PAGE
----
When the reaction is carried out as herein described the yield of dinitroarylurea is 80 percent, or more, and is often over 90 percent.

\ The following specific examples illustrate the practice of the invention.

Example 1 Phenylurea (45.6 grams; 0.335 mol) was suspended in ml. of methylene chloride in a reaction vessel equipped with a stirrer, a dropping funnel, and a reflux condenser whose jacket contained circulating brine at --1() C. The pressure in the reaction vessel was reduced to about mm. of mercury by connecting the top of the reflux condenser with a suction means. This caused the methylene chloride to boil at 4 to 6 C. There was then added through the dropping funnel 182 ml. of 96 percent sulfuric acid, in the course of 23 minutes. To the resulting clear mixture was added 0.670

mol (31.5 ml.) of turning 90 percent nitric acid, over the course of 26 minutes, the temperature in the reactor being held at 7 C. by the refluxing methylene chloride. The reaction temperature was then increased to 22 C. by increasing the pressure and by external application of heat, and was maintained at this level by continued reflux of methylene chloride. All of the solids which had separated at 7 C. redissolved at 22 C. The latter temperature was maintained for 30 minutes. Finally, methylene chloride was distilled away from the reaction mixture under reduced pressure at a temperature below 35 C. The remaining acid solution was poured into water at such a rate that, by the addition of ice, the precipitation temperature was kept in the range from 10 to 20 C. The yellow precipitate was not sticky, and was collected by filtration, washed with water, sodium bicarbonate solution, and more water. After drying, the 2,4-dinitrophenylurea weighed 69.6 grams (a yield of 92 percent) and melted at 194.5 l95.8 C.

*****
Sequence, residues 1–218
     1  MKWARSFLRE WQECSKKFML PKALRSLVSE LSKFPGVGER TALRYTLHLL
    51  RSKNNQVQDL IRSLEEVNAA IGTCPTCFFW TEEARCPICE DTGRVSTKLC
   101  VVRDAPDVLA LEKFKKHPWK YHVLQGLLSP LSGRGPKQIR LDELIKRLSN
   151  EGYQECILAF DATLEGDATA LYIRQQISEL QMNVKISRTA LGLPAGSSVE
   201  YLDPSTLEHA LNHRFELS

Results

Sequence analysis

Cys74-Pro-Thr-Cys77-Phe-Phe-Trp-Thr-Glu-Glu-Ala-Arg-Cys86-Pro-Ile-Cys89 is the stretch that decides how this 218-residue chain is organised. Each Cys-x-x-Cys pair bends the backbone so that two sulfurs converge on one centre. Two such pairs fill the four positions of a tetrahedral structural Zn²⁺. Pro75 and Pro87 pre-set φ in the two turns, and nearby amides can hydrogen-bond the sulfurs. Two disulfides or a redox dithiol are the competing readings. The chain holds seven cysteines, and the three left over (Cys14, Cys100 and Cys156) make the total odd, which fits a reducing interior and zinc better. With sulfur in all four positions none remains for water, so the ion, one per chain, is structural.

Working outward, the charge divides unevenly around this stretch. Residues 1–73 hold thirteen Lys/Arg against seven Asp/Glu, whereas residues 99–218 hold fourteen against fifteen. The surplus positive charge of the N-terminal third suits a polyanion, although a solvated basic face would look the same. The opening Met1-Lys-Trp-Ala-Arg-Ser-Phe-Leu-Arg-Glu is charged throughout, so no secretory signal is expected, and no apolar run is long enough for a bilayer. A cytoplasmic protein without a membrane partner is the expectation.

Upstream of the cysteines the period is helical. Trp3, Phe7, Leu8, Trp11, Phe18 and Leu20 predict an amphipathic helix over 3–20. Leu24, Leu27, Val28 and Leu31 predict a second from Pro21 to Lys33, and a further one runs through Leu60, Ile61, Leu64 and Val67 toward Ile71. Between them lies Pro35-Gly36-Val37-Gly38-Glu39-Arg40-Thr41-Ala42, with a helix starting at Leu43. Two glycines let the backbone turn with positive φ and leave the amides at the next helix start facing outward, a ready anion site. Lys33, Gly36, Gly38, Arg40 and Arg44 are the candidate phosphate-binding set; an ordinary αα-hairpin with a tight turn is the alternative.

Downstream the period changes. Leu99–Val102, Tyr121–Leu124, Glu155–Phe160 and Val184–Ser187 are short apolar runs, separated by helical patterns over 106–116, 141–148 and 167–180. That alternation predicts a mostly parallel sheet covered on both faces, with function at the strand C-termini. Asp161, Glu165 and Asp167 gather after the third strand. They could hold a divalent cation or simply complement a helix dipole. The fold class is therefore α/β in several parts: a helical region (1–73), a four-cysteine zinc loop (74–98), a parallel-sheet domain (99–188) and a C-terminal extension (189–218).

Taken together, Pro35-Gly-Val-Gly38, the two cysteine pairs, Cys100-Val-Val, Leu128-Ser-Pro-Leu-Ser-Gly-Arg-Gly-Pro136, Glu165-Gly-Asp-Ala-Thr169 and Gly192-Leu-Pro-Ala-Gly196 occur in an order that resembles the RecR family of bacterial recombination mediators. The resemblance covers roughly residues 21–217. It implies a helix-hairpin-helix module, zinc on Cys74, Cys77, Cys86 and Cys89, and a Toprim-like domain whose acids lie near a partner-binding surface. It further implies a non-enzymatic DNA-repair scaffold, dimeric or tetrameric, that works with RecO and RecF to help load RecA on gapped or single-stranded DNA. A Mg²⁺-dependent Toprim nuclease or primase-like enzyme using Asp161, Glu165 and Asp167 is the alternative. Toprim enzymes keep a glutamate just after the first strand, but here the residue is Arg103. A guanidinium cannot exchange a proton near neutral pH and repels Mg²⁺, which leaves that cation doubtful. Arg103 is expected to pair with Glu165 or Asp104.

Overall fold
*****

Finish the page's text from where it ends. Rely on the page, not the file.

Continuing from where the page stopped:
Example 2 4,6-dinitro-2-methylphenylurea was made in analogous manner from o-tolylurea (40.5 g.; 0.2695 mol), using carbon tetrachloride as the inert medium. The 95 percent sulfuric acid (200 ml.) was added at 12-15 C., and 90 percent nitric acid (25 ml.; 0.539 mol) was added at 12 C. Reaction was effected for 10 minutes at 10 C. after all of the nitric acid had been added. The tem perature was then caused to rise to 30 C., over the course of 30 minutes. The resulting solution was precipitated in water held at 15 C. After neutralization and washing the pale yellow product was crystallized from boiling acetic acid. The yield was over 90 percent and the melting point was 207.6208.0 C.

Example 3 (4-ch lore-2,6-dinitrphenyl urea In an analogous manner, (4-chlorophenyl)urea (42.7 grams, 0.250 mol) was suspended in perchloroetnylene, and this slurry was added to 200 ml. of 95 percent sulfuric acid, the temperature being held below 15 C. by reduced pressure boiling of the perchloroethylene. Ninety percent nitric acid (23.9 ml.; 0.51 mol) was added between 0 and C. The temperature was raised to 20.5 C. over the course of 30 minutes after all the HNQ was in. The perchloroethylene was removed by reduced pressure distillation. The product was precipitated in water held between 10 and 20 C. The orange solid obtained was filtered, washed well with water, then with aqueous sodium bicarbonate, and then with water again. Air drying gave 58.1 grams of (4-chloro-2,6-dinitrophenyl)urea representing a yield of 89.2 percent. The melting point was 221.4-222.7 C. (dec.). Chlorine analysis was 14.0 percent and nitrogen was 21.0 percent. Theory requires 13.61 percent and 21.5 percent, respectively.